A - Papers appearing in refereed journals
Glynne, M. D. and Moore, F. J. 1949. Effect of previous crops on the incidence of eyespot on winter wheat. Annals of Applied Biology - AAB. 36 (3), pp. 341-351.
|Authors||Glynne, M. D. and Moore, F. J.|
Surveys of winter wheat from 1939 to 1946 show that eyespot (Cercosporella herpotrichoides Fron.) occurs throughout Britain and that its incidence depends largely on previous cropping and on weather. Examination of 551 crops on land whose cropping for the previous 4 years was known showed that the incidence rose steadily with increasing numbers of preceding wheat and barley crops: where neither crop had been taken for 4 years the proportion of crops with more than 70% infected straws was 2%, rising to 45% where three or four such crops had been taken and the average straws infected rose from 6 to 55%. The percentage infection to be expected in various groups of crops was calculated from previous cropping; it was compared with the actual infection and so used to assess the importance of other factors in determining the incidence of eyespot. High spring rainfall, early sowing and a dense plant increased incidence and low spring rainfall, late sowing and a thin plant reduced it. Eyespot was not usually severe on newly ploughed grassland until the third or fourth crop of wheat, but under very wet conditions it was sometimes severe in the second crop. Oats is much less susceptible than wheat or barley, but some crops were found with a third of their straws infected. A brief survey of winter wheat in Holland suggested possible causes for the rise and fall of eyespot in recent years and for its present lower incidence there as compared with East Anglia.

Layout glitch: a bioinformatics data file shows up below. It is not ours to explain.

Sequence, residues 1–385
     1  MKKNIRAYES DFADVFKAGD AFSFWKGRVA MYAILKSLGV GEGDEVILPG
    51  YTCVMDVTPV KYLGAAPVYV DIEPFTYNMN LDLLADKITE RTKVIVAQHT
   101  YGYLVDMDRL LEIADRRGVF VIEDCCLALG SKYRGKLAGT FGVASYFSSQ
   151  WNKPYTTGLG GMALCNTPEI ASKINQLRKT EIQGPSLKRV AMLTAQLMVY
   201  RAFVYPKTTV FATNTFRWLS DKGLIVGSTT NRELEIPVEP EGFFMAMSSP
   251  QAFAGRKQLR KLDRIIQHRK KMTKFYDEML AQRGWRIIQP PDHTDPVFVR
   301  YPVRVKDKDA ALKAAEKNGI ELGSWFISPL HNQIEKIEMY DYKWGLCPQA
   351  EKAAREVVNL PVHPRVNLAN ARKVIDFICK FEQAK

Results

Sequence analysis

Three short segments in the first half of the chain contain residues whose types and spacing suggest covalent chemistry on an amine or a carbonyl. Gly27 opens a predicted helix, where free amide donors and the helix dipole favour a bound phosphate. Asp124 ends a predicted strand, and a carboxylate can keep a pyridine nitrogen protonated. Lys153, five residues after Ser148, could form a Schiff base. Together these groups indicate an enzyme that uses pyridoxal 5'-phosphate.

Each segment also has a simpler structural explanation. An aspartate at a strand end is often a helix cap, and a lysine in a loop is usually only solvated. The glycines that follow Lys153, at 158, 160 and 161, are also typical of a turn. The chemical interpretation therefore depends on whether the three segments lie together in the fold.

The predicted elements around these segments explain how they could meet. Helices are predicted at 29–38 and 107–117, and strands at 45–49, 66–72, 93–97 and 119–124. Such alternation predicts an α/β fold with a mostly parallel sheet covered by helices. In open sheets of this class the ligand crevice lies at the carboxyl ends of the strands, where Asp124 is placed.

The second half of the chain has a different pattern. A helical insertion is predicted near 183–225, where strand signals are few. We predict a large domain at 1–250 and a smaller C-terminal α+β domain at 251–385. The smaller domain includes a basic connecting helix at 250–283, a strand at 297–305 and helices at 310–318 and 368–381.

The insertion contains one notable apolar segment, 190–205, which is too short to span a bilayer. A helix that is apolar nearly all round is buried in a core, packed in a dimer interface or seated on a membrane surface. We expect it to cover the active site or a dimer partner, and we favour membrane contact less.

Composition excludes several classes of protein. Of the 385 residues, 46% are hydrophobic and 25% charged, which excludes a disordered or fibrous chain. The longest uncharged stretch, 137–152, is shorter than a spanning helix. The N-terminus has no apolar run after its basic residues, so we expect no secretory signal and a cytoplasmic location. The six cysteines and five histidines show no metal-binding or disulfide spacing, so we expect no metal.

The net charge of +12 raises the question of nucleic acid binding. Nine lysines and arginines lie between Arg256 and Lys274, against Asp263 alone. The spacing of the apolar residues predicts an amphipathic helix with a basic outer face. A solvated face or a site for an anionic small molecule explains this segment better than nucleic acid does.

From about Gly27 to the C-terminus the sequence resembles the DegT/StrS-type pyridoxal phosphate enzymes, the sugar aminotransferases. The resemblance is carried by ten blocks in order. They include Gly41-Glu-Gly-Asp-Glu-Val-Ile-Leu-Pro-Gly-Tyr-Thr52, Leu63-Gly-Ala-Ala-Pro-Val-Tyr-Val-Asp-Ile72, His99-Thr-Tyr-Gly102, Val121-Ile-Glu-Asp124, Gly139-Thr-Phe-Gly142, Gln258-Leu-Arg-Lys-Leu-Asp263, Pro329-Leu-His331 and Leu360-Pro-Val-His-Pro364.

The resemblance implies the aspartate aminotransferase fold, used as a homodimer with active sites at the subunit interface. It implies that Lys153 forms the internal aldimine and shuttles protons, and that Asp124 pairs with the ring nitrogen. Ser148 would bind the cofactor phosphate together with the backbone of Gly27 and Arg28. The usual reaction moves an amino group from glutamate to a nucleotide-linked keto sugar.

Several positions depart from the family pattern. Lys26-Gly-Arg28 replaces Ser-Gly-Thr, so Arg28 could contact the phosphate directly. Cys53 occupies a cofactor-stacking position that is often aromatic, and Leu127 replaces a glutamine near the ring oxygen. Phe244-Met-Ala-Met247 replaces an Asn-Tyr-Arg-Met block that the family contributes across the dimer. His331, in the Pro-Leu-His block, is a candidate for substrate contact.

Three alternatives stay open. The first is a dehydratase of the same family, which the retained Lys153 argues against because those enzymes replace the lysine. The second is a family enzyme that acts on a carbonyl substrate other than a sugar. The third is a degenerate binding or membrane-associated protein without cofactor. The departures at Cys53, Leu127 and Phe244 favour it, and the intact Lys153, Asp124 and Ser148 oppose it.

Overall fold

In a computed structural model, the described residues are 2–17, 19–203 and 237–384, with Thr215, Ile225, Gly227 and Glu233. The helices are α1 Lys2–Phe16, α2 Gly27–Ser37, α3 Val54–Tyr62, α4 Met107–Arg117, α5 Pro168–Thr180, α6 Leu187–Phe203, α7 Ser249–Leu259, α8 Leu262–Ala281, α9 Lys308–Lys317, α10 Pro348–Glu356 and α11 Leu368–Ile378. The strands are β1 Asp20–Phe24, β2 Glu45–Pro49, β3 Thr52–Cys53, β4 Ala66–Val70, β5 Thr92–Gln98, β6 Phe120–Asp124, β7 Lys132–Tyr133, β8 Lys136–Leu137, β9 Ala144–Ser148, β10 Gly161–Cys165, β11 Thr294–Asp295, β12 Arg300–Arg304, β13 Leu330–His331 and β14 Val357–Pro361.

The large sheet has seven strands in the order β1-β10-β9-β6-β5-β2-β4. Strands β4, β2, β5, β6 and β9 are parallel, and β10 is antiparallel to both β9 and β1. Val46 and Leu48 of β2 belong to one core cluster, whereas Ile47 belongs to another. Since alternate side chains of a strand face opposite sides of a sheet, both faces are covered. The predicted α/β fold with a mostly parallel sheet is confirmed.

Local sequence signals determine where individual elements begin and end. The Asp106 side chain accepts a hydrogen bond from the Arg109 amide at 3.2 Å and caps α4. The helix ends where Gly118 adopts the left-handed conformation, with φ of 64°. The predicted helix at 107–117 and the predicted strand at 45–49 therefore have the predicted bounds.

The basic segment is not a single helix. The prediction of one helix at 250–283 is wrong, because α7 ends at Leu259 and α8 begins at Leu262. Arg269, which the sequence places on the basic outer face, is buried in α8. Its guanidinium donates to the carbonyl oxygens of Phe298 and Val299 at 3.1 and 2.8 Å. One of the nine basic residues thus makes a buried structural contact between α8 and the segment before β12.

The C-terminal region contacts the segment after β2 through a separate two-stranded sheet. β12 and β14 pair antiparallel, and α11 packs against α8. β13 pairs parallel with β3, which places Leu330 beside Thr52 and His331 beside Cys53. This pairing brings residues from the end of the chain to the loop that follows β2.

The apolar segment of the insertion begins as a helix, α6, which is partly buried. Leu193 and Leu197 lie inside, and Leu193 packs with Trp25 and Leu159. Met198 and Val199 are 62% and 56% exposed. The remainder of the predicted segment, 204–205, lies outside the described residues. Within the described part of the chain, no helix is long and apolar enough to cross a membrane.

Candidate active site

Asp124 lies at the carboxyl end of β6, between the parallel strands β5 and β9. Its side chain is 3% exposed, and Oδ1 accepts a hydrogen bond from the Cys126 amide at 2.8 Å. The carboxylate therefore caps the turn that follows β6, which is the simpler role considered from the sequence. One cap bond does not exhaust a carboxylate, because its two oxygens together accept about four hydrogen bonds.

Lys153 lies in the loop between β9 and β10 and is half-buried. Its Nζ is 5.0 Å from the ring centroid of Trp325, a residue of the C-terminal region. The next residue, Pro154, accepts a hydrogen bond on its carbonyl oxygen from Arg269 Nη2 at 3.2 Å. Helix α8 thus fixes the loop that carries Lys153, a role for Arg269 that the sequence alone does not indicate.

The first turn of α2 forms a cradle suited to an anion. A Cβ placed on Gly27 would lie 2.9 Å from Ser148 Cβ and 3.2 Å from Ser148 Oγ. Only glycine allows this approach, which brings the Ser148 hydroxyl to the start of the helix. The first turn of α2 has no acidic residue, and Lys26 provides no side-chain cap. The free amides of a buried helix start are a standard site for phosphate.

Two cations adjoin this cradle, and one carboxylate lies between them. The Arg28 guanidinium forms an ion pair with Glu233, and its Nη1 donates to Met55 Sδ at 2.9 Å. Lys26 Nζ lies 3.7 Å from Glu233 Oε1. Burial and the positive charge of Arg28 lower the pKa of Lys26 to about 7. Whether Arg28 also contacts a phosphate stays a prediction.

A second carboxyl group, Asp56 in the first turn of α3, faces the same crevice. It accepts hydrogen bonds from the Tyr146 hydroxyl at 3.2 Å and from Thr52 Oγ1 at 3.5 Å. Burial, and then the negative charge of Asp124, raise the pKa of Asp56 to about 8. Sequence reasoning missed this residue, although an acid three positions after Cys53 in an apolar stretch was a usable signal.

|Year of Publication||1949|
|Journal||Annals of Applied Biology - AAB|
|Journal citation||36 (3), pp. 341-351|
|Digital Object Identifier (DOI)||doi:10.1111/j.1744-7348.1949.tb06931.x|
|Open access||Published as non-open access|
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